“Late In Time Behold Him Come”

“Late In Time Behold Him Come”

S Lewis Johnson, Jr.

Dr. S. Lewis Johnson, Jr. is a Bible teacher at Believers Chapel, Dallas, Texas. In this expository study of Hebrews 1:1-4 he provides us with a glorious Christmas message.

Scripture Reading: Hebrews 1:1-4


There are many unanswered questions about the anonoymous Epistle to the Hebrews, that sublime treatise which has been called by a recent author, “the most extensively developed and logically sustained piece of theological argumentation in the whole of the New Testament.”1 We are not certain about the date of the epistle, the addressees of the epistle, the place of origin of the epistle, nor of its author. The answers of the ancients and the moderns have included the Apostle Paul, Barnabas, Apollos, and even Pricilla, the wife of Aquila.2 Bible teachers of the male gender have sought to be humorous about the last suggestion, often saying, “The letter could not have been written by a woman, because the author says in the last chapter, ‘But I urge you, brethren, bear with this word of exhortation, for I have written to you briefly’ (13:22), and what woman would write ‘briefly’?” One of my seminary students some years ago blasted a hole in this opinion by saying to me after a class in which the matter was brought up, “But, Dr. Johnson, isn’t that just what a woman would do? Would she not write thirteen chapters and then say that she had written ‘briefly’?” The reasoning seemed cogent to me!

However, we do have a statement from the author that eliminates feminine authorship. For those unimpressed with the above arguments, and I presume all of my readers are, it will be profitable to turn to 11:32, where the author writes, “And what more shall I say? For time will fail me if I tell of Gideon, Barak, Samson, Jephthah, of David and Samuel and the prophets.” The Greek participle, translated by the words, “if I tell,” and which modifies the pronoun, “me,” is masculine in gender. Thus, while we still do not know the author of the letter, we do know that he was not a woman.

On the other hand, while the authorship of the letter is in doubt, there is no doubt at all that in the letter we have the authentic voice of God. In fact, that may be one of the reasons why the Holy Spirit guided the author in his omission of his name. It was thought desirous to leave upon the reader’s mind a strong conviction that in these last days it is God who has spoken in His Son (cf. 1:2). That is enhanced by the statement in 12:25, in which stress upon the voice of God in His Word is found again, “See to it that you do not refuse Him who is speaking.” And, finally, when one remembers that in this great letter, in which the Scriptures of the Old Covenant are cited so often, there is no mention of the names of human authors, as is customary in Paul and other New Testament authors, then the conviction steals over one that the author wished to let us know most strongly that, when we listen to his words, we are listening to the Lord God.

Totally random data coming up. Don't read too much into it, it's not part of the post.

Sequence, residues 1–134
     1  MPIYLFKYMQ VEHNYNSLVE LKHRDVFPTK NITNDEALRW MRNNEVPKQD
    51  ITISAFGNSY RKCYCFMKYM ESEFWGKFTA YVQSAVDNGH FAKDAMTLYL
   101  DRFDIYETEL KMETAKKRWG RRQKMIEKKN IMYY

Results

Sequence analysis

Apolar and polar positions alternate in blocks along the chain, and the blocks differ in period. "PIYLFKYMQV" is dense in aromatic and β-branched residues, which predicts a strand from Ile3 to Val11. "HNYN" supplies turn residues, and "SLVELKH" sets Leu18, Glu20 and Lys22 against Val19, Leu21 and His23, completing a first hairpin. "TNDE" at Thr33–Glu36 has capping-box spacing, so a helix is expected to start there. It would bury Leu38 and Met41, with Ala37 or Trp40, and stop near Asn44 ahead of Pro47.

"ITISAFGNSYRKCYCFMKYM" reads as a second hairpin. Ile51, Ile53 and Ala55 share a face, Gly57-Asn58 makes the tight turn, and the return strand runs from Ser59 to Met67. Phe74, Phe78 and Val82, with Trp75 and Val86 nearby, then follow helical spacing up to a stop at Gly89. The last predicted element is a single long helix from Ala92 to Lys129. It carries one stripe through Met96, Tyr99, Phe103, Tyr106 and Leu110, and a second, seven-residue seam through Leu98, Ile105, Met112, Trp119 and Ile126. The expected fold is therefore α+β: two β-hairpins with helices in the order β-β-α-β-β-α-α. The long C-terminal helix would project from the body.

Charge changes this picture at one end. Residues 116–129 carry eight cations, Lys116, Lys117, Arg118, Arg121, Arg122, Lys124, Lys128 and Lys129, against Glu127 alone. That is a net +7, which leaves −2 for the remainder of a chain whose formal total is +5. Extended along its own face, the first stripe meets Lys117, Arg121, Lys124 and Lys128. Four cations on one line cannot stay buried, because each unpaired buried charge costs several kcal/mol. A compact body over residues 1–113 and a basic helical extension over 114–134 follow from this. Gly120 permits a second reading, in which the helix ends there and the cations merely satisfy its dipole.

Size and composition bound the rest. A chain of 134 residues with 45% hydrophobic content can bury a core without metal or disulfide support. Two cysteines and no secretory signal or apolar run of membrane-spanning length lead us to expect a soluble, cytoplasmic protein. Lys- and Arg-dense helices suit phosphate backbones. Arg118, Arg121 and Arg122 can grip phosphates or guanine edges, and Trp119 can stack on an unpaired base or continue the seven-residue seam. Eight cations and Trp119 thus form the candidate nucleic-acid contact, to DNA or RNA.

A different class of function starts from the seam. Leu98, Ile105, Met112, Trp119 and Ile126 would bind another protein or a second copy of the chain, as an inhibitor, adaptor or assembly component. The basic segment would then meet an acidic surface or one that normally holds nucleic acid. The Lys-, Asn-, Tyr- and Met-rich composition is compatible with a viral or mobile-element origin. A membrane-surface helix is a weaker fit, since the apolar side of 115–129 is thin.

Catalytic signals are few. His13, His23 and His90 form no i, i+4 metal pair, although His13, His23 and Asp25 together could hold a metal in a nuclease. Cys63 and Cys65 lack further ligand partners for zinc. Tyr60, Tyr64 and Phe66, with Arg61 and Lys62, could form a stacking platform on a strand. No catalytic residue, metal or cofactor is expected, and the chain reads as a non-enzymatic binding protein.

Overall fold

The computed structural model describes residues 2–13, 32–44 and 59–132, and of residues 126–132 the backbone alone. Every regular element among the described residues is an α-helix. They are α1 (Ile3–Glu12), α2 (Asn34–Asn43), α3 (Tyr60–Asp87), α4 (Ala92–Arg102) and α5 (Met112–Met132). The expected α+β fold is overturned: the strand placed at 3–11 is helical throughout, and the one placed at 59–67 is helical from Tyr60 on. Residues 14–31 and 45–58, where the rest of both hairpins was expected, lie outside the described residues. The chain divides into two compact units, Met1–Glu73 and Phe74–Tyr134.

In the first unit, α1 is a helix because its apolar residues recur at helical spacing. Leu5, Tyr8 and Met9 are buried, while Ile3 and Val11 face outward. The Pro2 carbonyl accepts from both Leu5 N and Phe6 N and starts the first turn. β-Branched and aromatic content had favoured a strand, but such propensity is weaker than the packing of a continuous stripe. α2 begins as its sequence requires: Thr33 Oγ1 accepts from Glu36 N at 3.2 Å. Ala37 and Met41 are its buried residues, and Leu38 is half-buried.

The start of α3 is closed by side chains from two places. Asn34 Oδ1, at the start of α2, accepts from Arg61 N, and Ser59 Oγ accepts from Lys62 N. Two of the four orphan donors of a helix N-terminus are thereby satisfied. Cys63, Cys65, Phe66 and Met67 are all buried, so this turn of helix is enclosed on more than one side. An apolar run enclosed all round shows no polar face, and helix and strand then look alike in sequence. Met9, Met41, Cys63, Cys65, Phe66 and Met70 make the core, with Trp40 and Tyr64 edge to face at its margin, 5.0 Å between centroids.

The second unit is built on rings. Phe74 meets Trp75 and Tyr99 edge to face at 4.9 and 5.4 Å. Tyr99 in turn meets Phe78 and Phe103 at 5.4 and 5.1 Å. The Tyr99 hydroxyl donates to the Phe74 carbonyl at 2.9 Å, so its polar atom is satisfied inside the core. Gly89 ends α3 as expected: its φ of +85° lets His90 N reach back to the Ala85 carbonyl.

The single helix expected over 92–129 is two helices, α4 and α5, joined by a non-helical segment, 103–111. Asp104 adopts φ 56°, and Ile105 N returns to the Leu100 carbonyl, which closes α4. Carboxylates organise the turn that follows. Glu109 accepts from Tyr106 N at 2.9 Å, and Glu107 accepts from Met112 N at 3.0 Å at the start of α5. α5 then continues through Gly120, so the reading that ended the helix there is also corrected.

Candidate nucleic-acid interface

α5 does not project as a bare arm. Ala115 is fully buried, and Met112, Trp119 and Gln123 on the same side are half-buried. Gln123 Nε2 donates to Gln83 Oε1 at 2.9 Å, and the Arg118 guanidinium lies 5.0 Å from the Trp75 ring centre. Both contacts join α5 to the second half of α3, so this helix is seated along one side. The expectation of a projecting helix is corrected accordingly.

Many years ago the well-known Bible teacher, Arthur T. Pierson, made the striking suggestion that perhaps the subject of our Lord’s discourse on the Emmaus Road (cf. Luke 24) was that which is now contained in the Letter to the Hebrews. There is, of course, no support for this, but the two discourses are, no doubt, of similar eloquence.

The letter itself is marvelously relevant to a church that is living in Standstillsville. Contented and smug in the possession of salvation, such a church knows little of the heavenly life that He came to bring. Lulled into a comfortable, but crippling, slumber by the drives of the flesh, the power of the world, and the strategems of the devil, she needs to know Him better. And what better time to rethink our spiritual conditions and regroup for progress than the Christmas season, when we are reminded so often of the source of all spiritual life, the Lord Jesus Himself? It is He through whom God has spoken, and it is through Him that God would have us listen and learn of our Triune God.